Some of my experiments are in the kiln; I am yet to discover whether they come out as fine upstanding pots or a mortifying fifty fragments. And I may say that it was pretty chilly loading the kiln this morning clad in slippers and a dressing gown (though the thermocouple is not very well calibrated for the low end of its temperature range).
This weekend I read:
This copy is from the third 1915 printing, an economical volume, bound in thin book cloth, roughly printed on cheap paper (now foxed and embrowned throughout), and what were its odds then of surviving a century of boys, dusty shelves and second hand stalls? Yet here it is, being read once more.
The stories are all based around one fictional naval ship in the early months of World War I, when patriotism was fresh and Jutland no more than a premonition. How difficult it is to re-cast oneself as a fourteen-year-old boy in 1915, even to decide if they found these innocent tales inspiring or risible. Did the first recipient hunker down in a quiet corner and devour the chapters in one sitting, or indite formal thanks to an aunt and then stuff the volume into a dark cupboard? Indeed, although the context in which I acquired this suggests boys, I’m not completely sure what its target readership was: some stories have female protagonists, though perhaps this was meant to enshrine Womanhood in the imagination of unregenerate youth. Or were the books, as some reviews suggest, meant for adult civilians, to keep their spirits up?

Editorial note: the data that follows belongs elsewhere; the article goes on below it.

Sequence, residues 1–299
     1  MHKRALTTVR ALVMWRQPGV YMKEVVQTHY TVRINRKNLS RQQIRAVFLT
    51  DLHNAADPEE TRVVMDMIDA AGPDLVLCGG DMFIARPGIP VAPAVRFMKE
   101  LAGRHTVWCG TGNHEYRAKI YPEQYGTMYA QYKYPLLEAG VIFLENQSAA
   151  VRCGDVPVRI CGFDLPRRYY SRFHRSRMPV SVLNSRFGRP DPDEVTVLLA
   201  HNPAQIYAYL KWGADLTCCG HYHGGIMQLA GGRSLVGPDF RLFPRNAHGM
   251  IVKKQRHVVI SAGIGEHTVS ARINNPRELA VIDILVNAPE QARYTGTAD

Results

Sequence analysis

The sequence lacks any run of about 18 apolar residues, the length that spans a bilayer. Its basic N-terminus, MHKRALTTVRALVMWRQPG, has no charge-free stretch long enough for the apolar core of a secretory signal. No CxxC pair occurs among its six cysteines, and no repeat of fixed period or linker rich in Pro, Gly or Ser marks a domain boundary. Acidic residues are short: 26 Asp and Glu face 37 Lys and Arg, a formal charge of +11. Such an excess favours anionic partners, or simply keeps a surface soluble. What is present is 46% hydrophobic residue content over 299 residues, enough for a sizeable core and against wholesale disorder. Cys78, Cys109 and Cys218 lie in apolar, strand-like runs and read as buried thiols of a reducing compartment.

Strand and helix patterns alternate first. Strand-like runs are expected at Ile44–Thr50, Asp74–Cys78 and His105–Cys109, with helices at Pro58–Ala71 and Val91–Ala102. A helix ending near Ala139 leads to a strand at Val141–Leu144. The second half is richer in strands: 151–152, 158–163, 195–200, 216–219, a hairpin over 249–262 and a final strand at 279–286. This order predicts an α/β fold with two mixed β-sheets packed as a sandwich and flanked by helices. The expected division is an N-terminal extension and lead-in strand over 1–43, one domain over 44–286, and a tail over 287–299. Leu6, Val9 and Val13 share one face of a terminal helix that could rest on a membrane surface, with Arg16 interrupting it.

A faint familiar whisper teased me as I read; though Patrick O’Brien was too good an author to copy direct, I have a personal bet that Bartimeus was on his reading list.